Continuing to encourage our elephant pant escapade, the woman grabbed more apparel from the walls of a cramped shack drenched in different colors and patterns, but I was lost in thought. The moment instantly took me back to every time I felt victimized by the word “big” and immediately reminded me of the crippling embarrassment of having somebody label you in front of a crowd. The irony of well-intentioned words offending those to whom they were spoken exposed the situation as it was: a completely culturally-constructed crossroad. She said a fact and we heard an insult, but it was only the ethnic barrier that lost her message in translation. The pants were too small; she needed bigger pants. The little Cambodian woman who acted as if our buying clothes meant her children eating dinner that week simply stated the truth. To her, smaller was smaller and bigger was bigger; to us, smaller was better and bigger was bad. Her non-sugarcoated truth was shocking to the young American ear because it meant exposing the thin-driven world that we had thoughtlessly already left behind. As we made our way through the markets of Cambodia and beyond, I felt bad for each desperate shopkeeper that unintentionally drove away almost-customers with verbalized physical observations, not knowing which terms our foreign society had deemed taboo and which characteristics were considered unacceptable.
Without having been raised in a place that stressed skinny, I would have been encountering the world with a less sensitive mind. I wouldn’t have perceived neutral words as negative ones; I wouldn’t have been offended by the inoffensive. I wouldn’t have automatically heard insults where they weren’t intended and I wouldn’t have inherently attached meanings to words they didn’t have. I knew she didn’t say it as an insult, but I couldn’t help myself from hearing it that way. I knew hers was a harmless attempt at assistance, but I felt a familiar grudge brewing against her. I knew that she wasn’t trying to attack the entire obese population, but I was locked in the mentality of my former self and I couldn’t help but resent her. I wanted to accept her words as she meant them, her generous attitude as she presented it, but I couldn’t force logic on emotion. In Cambodia, big was not bad. I just couldn’t stop myself from thinking it was.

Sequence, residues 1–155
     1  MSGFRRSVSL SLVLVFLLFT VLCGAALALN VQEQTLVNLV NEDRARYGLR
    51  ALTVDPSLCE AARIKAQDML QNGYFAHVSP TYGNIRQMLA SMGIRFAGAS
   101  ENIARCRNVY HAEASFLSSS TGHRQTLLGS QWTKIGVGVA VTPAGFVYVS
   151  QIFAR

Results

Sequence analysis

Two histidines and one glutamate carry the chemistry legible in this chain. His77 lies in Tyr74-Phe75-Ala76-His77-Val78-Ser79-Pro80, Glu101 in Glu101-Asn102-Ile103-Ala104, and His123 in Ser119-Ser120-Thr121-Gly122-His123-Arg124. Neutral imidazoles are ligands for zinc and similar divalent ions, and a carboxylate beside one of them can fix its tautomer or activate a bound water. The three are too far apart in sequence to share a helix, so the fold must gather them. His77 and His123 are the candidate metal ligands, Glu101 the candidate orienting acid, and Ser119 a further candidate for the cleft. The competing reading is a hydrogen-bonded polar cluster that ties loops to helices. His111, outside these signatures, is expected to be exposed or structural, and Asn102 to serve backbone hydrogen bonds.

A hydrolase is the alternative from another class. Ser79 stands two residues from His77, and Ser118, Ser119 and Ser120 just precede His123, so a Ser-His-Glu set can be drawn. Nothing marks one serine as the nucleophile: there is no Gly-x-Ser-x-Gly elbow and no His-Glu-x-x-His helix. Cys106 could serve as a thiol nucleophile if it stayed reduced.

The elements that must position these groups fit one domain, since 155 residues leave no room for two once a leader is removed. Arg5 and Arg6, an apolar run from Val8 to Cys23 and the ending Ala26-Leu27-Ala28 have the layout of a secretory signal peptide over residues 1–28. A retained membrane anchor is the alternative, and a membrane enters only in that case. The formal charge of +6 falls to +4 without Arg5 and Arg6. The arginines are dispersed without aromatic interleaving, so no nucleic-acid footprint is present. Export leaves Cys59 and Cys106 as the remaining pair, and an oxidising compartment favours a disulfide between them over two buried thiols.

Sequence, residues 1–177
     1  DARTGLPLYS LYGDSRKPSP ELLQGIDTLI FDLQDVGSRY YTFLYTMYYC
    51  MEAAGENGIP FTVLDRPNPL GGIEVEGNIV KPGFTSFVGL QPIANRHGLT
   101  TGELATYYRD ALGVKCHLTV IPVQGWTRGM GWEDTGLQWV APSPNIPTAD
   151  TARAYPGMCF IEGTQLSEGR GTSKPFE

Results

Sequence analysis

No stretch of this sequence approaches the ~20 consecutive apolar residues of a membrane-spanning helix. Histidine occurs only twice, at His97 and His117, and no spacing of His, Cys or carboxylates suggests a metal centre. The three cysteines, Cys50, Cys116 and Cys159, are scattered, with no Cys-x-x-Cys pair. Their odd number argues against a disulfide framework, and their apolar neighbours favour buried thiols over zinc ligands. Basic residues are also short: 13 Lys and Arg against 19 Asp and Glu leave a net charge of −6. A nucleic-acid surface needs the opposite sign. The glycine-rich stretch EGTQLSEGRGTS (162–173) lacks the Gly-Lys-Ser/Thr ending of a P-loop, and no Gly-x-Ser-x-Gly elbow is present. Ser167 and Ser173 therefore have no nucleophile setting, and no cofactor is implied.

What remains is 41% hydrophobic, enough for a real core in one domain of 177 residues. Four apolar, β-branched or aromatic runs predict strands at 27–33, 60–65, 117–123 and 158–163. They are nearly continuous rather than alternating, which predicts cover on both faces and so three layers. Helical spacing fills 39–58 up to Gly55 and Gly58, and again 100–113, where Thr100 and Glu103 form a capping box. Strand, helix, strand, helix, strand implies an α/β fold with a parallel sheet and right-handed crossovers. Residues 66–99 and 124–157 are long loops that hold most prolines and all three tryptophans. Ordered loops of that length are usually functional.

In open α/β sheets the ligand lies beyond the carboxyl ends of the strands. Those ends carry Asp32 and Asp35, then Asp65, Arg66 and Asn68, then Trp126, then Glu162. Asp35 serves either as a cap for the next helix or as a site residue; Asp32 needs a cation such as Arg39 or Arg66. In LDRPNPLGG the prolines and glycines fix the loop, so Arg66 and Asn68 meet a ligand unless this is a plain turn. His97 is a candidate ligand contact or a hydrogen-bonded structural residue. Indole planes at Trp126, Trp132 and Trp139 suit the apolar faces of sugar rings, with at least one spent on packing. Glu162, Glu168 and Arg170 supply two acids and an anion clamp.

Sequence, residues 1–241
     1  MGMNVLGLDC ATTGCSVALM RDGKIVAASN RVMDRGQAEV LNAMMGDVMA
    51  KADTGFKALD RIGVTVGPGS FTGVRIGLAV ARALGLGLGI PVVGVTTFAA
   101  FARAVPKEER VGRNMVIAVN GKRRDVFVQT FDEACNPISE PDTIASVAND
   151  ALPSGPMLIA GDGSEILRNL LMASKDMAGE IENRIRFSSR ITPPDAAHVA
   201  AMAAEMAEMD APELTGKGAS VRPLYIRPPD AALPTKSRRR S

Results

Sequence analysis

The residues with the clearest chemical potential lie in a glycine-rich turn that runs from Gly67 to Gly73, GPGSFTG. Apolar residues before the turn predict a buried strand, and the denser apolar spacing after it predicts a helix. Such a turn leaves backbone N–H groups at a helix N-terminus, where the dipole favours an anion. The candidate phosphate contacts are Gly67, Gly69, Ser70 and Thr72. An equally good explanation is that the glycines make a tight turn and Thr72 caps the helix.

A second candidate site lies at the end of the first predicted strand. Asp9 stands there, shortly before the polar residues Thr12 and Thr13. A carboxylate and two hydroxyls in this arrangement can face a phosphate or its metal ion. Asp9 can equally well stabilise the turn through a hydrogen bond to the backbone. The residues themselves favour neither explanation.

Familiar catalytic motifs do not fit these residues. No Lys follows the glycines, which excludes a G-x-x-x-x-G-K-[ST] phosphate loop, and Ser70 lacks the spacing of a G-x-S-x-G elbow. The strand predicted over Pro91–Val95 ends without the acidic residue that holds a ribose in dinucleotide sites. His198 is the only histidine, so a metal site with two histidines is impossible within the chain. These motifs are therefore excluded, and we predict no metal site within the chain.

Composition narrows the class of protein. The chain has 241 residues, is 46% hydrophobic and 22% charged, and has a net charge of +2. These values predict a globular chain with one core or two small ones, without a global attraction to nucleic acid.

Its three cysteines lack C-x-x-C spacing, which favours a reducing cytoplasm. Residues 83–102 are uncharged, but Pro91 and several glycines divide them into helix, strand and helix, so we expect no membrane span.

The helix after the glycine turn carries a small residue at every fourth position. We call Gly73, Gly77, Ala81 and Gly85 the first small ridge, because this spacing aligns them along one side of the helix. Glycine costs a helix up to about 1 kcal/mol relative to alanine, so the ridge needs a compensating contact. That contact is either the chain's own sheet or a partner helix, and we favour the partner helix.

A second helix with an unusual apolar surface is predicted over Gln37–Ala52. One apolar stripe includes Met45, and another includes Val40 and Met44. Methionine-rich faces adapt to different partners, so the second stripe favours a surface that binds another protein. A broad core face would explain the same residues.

Travel was teaching me that the law of obesity under which I grew up was a regional one, entirely ineffective elsewhere. It was changing myself to fit my world that brought me happiness, but I started to see how that causal link was entirely culturally created. Openly discussing their preference for heavier women, Indian men had me consider the Eastern ideal and question everything I thought I knew. After many mindful observations of noticing more thick than thin, I expressed my appreciation for the unusual. “I think Indian women are the most beautiful people in the world,” I said. “They are,” responded a kind storeowner in Cochin. I grew up disconnected from society because I didn’t feel bad about my body, but it seemed that within India that my overweight self could have thrived without causing confusion. The Indians wouldn’t have been perplexed by my childhood happiness. You have chubby cheeks, they would say, why should that mean you don’t smile?
When everyone around me surrendered complete brain function to gape at the overwhelming beauty of the Taj Mahal, I was also losing myself in observations of the natives. Women of all shapes and sizes wore saris of identical style, sporting the traditional clothing and accordingly leaving generous portions of their different body-types uncovered. I looked at Easterners as a Westerner, witnessing a natural acceptance of the female physique so perplexing in its extraordinary unfamiliarity. What was seemingly invisible to the insider was painfully visible to the outsider, but I wanted to look at them they way they looked at each other. I wanted the ability to focus on the grandeur of their beautiful dresses without being distracted entirely by the bodies over which they hung. I wanted to see them as Indian women, not Indian women who let their obviously overweight figures be shown without concern. I wanted to erase the affect of my society on my mind and strip the judgmental lenses from my eyes. How can they walk around like that? Why can’t I walk around like that? Don’t they realize what they look like?